W3C home > Mailing lists > Public > public-rdf-in-xhtml-tf@w3.org > November 2005

Re: CURIEs vs. QNames

From: Ben Adida <ben@mit.edu>
Date: Mon, 28 Nov 2005 11:56:20 -0500
Message-Id: <A7375775-A4F2-43C7-9FF3-0056ABD643A8@mit.edu>
Cc: public-rdf-in-xhtml-tf@w3.org
To: Dan Connolly <connolly@w3.org>

On Nov 28, 2005, at 11:14 AM, Dan Connolly wrote:

> Really? I don't believe so. I've seen comments from individuals,  
> but I don't recall the taskforce as a whole giving a position on  
> this. But I may have lost track of how the taskforce makes  
> decisions (which is easy to do, since the only charter(s) I can  
> find are expired.
> http://www.w3.org/2003/08/rdf-in-xhtml-charter.html#_Duration )

Dan, at this point, I feel that you're trying to bury the issue in  
bureaucratic technicalities.

I appreciate the importance of keeping proper records, but it seems  
silly to claim that no such decision has been made, when all task  
force members who have attended telecons semi-regularly have been  
diligently working on this requirement as a group without any  
internal dissent for more than 6 months.

By the way, the most recent charter and requirements are to be found  
in their expected location:

1) go to the Best Practices WG page:

2) click to the HTML Task Force page:

3) click through to the late 2004 charter and requirements:

Certainly, these documents need updating. Specifically they do not  
mention strongly enough that one of our main goals is reducing data  
duplication to help build maintainable HTML. That said, they're far  
more pertinent than the old link you're looking at. At the very  
least, the new links correctly list me as the task force chair, so  
Dom doesn't take the fall for my insanity :)

>>  and we're trying to find the time to put together all the  
>> pointers that clarify this requirement from all of our discussions  
>> and input from customers over the past 6 months.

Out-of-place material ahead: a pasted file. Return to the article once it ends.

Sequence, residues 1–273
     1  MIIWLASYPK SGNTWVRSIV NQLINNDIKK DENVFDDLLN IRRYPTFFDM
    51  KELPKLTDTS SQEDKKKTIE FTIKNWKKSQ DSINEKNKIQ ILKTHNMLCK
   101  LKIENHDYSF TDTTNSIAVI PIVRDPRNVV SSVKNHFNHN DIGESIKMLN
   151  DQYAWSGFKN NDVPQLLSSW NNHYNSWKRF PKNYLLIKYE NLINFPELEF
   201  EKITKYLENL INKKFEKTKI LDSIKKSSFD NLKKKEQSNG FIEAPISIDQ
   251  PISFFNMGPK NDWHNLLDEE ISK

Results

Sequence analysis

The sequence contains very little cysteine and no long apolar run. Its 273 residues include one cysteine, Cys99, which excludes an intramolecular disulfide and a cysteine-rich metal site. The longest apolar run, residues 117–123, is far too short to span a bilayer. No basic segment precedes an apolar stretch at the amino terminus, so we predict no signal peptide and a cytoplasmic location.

> I look forward to more of that.
> It's risky to get into detailed design discussion in advance of  
> having requirements clear. Sometimes it's a good risk to take, but  
> sometimes not.

It's only risky if we are stuck discussing process for the sake of  
process, rather than the issue at hand. Sometimes requirements emerge  
as new customers join the debate and the task force adapts to the  
needs of the community. If anything, this task force has been  
diligently working to shoot down complicated alternatives, restrict  
the scope of work, and generally have a minimal impact while trying  
to solve issues that have been dogging the RDF and HTML communities  
for 6 years.

So, here are the pertinent questions and my best attempt at answering  
them according to Task Force discussions:

1) Should HTML authors be able to designate abbreviations for common  
RDF namespaces, like Dublin Core?

The task force believes the answer is YES. Taking into account the  
requirement that hand-authoring HTML with RDF/A be reasonably doable,  
it's inconceivable to require authors to fully cite the Dublin Core  
namespace URI in every property of every page. Web pages would not be  
maintainable without them. Customers like the IPTC wouldn't even  
consider RDF/A without these abbreviations.

2) Should these abbreviations be able to handle all valid RDF URIs?

The task force believes the answer is YES, again, as per the  
requirement that our solution allow for maximal RDF expression. This  
means QNames don't quite cut it. (Not to mention that the TAG says  
QNames shouldn't be used to abbreviate URIs.)

3) Should this abbreviation syntax overload the QName syntax?

Well, now there's the rub. We initially thought so, and I still think  
so, but there are good arguments against it, and we're currently  
discussing alternative syntax.

Which parts do you disagree with, and why?

Received on Monday, 28 November 2005 17:29:14 UTC

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